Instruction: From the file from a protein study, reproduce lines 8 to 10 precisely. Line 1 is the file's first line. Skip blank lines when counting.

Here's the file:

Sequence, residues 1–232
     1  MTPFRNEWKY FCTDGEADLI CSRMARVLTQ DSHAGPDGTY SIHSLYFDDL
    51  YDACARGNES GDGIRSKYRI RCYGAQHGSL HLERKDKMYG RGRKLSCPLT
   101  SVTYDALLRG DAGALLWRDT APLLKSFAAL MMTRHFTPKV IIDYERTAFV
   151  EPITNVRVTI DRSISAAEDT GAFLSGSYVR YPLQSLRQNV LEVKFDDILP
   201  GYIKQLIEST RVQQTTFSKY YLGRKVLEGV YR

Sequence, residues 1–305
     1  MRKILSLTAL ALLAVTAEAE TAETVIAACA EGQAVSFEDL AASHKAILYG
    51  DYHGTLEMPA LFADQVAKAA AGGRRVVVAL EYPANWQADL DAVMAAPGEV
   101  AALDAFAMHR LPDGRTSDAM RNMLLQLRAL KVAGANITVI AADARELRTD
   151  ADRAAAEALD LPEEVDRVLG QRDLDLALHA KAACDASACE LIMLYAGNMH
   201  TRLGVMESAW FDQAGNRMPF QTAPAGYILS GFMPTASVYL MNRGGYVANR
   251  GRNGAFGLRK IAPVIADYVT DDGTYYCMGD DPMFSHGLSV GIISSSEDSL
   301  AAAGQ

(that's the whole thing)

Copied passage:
     1  MRKILSLTAL ALLAVTAEAE TAETVIAACA EGQAVSFEDL AASHKAILYG
    51  DYHGTLEMPA LFADQVAKAA AGGRRVVVAL EYPANWQADL DAVMAAPGEV
   101  AALDAFAMHR LPDGRTSDAM RNMLLQLRAL KVAGANITVI AADARELRTD